Hello Fellow Sloyders,
The post below is an expanded version of a recent post I made for my friends at Popular Woodworking which can be found here. For the sake of continuity on the series related to Sloyd on this blog I am providing an extended look at this topic.
In honor of American Independence day this past week, why not do something that makes you a little more independent?
When I started out woodworking I’d watch television shows and read magazines pushing all kinds of fancy new tools and think ‘If only I had a shop full of those tools I could build anything’. I spent a long time saving my pennies, reading the reviews and trying out the latest tools. The models seemed to change with the seasons. New project? Time for a new bit or jig or gizmo. Realizing that earlier craftsmen didn’t have access to all of these modern wonders yet they produced far more intricate work, I went in search of the hand cut dovetail and the arts and mysteries of our ancient craft.
I quickly found that power equipment was not broadening my capabilities as much as it was like an anchor tethering me to a limited band of work and taking up valuable shop space. I also didn’t like wearing the requisite dust mask, hearing protection and safety glasses all the time — it was like a mini sensory deprivation chamber. When I asked master cabinetmaker Dan Faia (NBSS) what he does for dust protection in his own shop, his succinct reply was “I never coughed up a curl“. That pithy remark reflected the very different view traditional woodworkers have — without all the big machines, the dust and noise, you can focus on the work, invest in a smaller set of high quality tools that should last a lifetime and enjoy the process as much as the result.
If you are looking to downsize your powered shop, get into more traditional woodworking or just starting out the questions that often come up are —
What is a good minimum set of tools I need to get started? How much is this all going to cost me?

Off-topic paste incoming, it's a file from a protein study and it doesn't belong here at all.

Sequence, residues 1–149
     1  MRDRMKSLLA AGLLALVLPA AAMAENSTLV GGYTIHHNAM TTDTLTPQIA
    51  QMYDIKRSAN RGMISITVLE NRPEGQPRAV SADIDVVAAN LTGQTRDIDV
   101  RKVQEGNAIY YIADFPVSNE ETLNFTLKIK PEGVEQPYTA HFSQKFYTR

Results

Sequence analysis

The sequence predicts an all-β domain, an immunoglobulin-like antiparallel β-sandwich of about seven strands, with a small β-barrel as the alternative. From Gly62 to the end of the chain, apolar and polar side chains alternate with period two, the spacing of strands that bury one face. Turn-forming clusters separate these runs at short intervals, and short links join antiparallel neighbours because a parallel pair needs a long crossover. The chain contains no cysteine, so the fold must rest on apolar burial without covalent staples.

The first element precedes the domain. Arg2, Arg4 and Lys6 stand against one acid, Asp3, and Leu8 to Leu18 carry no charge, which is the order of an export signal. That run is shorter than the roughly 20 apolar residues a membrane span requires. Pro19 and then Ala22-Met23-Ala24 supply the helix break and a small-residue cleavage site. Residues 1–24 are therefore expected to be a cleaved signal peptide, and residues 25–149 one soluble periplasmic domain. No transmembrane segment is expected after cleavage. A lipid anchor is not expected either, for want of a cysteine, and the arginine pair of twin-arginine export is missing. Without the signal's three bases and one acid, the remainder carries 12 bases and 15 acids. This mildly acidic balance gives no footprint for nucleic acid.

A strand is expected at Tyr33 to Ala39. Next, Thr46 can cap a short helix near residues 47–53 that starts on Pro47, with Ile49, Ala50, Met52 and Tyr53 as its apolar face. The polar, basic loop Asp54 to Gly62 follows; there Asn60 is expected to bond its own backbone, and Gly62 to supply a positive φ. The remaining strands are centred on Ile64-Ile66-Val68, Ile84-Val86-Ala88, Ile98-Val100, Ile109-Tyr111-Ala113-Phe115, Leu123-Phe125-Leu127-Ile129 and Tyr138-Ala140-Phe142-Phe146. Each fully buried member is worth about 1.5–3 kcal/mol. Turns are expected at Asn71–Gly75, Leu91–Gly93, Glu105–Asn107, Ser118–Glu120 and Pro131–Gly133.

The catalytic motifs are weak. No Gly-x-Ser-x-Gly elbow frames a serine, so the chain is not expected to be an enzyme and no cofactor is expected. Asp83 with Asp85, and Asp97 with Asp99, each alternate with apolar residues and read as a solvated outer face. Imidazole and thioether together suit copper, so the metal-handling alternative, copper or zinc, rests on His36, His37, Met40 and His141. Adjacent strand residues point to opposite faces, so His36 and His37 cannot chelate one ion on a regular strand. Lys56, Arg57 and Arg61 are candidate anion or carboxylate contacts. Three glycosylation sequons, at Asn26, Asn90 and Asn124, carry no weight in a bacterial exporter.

In researching the Sloyd tool cabinet shown above I found some old tool catalogs from Chandler and Barber of Boston (a primary supplier of Sloyd paraphernalia including the Larsson benches etc ) including one from 1900 complete with a listing of and pricing for all the tools in the cabinet. According to the Federal Reserve’s website $1 in 1900 that should be worth about $27 today. A straight monetary conversion doesn’t paint a complete picture since some tools that were common back then are a specialty today and vice versa so I also included a column showing what an equivalent quality tool would cost new today.
In 1900, just as it was when I was a student over 100 years later, the view is that it is better to buy a quality tool once that will last a lifetime than buy something of poor quality which will not serve you well in your work. Keep that in mind as you review the list — since the tools were not the cheapest back then and surely are not the cheapest today. But with this modest set of tools you can build an amazing array of projects just as many ‘Sloyders’ (Sloyd school students) have done before us.
|Tool||Original Price||Original Price in Today’s $||Today’s Price||Notes|
|2′ Folding Wood Rule||$0.15||$4.05||$24.00||Bi-fold Rule from Garret Wade|
|6″ Metal Blade Try Square||$0.25||$6.75||$13.65||Swanson Try Square On Amazon|
|Marking Gauge||$0.25||$6.75||$30.00||Robert Larson Marking Gauge on Amazon|